Endangered European heritage sites

By | Category: Travel news

For the last seven years, independent experts advise Europa Nostra about endangered heritage sites in Europe. Up to this year some 43 sites have been listed and, thankfully, some have had work on them so that they have been removed from the list.

Yesterday Europa Nostra added seven more sites with the European Investment Bank Trust (a partner of the organisation) announcing that the awards would now be made each year. In addition, up to €10,000 as seed money would be made available to each of the selected sites so that plans and an assessment for remedial work be made which could be submitted for government and other third party funding.

The seven are;

For over 130 years the Achensee Steam Cog Railway (this website is only in German) has chugged between Jenbach and Lake Achensee in the Austrian Tyrol. Last year the narrow-gauge railway company went bust and, although promised support by the Tyrolean provincial government, none was delivered. In this European Year of Rail, that such a railway may not survive is unfortunate but rail heritage groups and volunteers throughout Europe are unlikely to let the railway disappear.

Five islands in the  Cyclades in Greece – Amorgos, Kimolos, Kithira, Sikinos and Tinos – are due to be altered by the installation of wind turbines in different parts of each island, often next to archaeological sites, some within protected Natura 2000 areas and others as backdrops to traditional villages. The number of turbines exceeds the islands’ actual needs according to third party university research. Described as little dots with big beauty by the nominators, these islands and the wind turbines illustrate problems affecting communities throughout the world.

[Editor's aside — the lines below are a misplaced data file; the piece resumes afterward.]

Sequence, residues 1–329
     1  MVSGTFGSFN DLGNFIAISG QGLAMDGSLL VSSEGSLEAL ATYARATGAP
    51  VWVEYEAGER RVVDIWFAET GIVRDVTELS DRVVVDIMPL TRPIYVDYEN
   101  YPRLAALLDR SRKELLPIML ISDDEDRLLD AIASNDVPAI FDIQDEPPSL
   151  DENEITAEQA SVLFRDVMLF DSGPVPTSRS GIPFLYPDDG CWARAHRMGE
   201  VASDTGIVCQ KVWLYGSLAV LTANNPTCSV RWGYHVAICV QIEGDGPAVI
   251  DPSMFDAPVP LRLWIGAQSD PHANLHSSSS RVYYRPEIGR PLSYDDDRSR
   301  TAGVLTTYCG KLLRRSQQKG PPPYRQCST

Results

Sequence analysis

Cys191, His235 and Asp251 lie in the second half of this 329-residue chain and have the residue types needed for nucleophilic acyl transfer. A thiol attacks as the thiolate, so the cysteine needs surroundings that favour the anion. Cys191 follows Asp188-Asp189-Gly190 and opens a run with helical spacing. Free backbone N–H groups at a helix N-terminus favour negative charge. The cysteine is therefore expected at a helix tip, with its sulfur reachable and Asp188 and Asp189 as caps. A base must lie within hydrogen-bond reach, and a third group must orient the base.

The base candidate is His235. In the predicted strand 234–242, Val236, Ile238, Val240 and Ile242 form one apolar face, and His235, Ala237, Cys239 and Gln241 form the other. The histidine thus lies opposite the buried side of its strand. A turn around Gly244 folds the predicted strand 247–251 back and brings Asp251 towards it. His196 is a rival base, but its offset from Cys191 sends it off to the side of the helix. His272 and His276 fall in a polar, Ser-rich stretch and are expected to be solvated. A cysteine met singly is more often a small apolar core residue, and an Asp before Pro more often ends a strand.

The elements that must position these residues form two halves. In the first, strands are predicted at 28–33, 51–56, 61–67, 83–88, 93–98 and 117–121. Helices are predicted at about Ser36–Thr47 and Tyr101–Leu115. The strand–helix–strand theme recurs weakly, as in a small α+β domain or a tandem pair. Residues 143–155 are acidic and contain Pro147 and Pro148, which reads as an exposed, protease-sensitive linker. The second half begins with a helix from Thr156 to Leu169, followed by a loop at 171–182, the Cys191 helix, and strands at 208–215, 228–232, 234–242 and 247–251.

The central post office in the North Macedonian capital of Skopje does not, on the face of it, sound like a building that would concern heritage bodies.  Less than fifty years old and designed in the Brutalist architectural style of the post-war era this lotus shaped building was intended to symbolise rebirth after heavy earthquake severely damaged the city in 1963. A fire eight years ago, disuse and erosion caused by rising groundwater makes he building a difficult and expensive one to restore.

There are few surviving gardens that date back to 1570. The Giusti Garden in the Italian city of Verona is one. Still owned by the Giusti family it may be unique in that it has always been open to visitors.  How many renaissance gardens have survived four and a half centuries almost in the state they were originally planned? The Giusti doesn’t as it was hit by three thunderstorms causing a third of the trees to be uprooted, walls to collapse, irrigation systems damaged and the palace adjacent was also damaged. The site cannot fund all the work required hence the addition of the gardens to the list.

Mirogoj in the Croatian capital of Zagreb is an historic cemetery complex that was badly damaged by two earthquakes in 2020 causing structural damage to the neo-classical designed church and the domes on many of the buildings. The importance of the building – apart from its architectural significance – is that it contains the graves of many significant figures from Croatia and Yugoslavia’s past

The fourteenth century monastery of Dečani is in Kosovo, one of the places that was in the forefront of confrontation in the last century. Guarded for the last twenty-two years by NATO peacekeeping troops, it has been on the at-risk UNESCO list for much of this time. Now local development is putting the cemetery at risk.

Dating back to between 660-680 A.D., the Cantabria San Juan de Socueva Chapel and Hermitage is thought to be the oldest religious construction in Spain’s Cantabria region. It is set into mountains and built next to a series of caves which have been inhabited since ancient times. The portico of the chapel is in an advanced state of disrepair: its wooden roof is no longer securely fixed to the rock face, and is at imminent risk of collapse.

The monument itself is not physically protected (visitors can freely enter the site) and the deterioration of the chapel continues. A covering is needed to protect it from the weather whilst an assessment is made of what work is needed.


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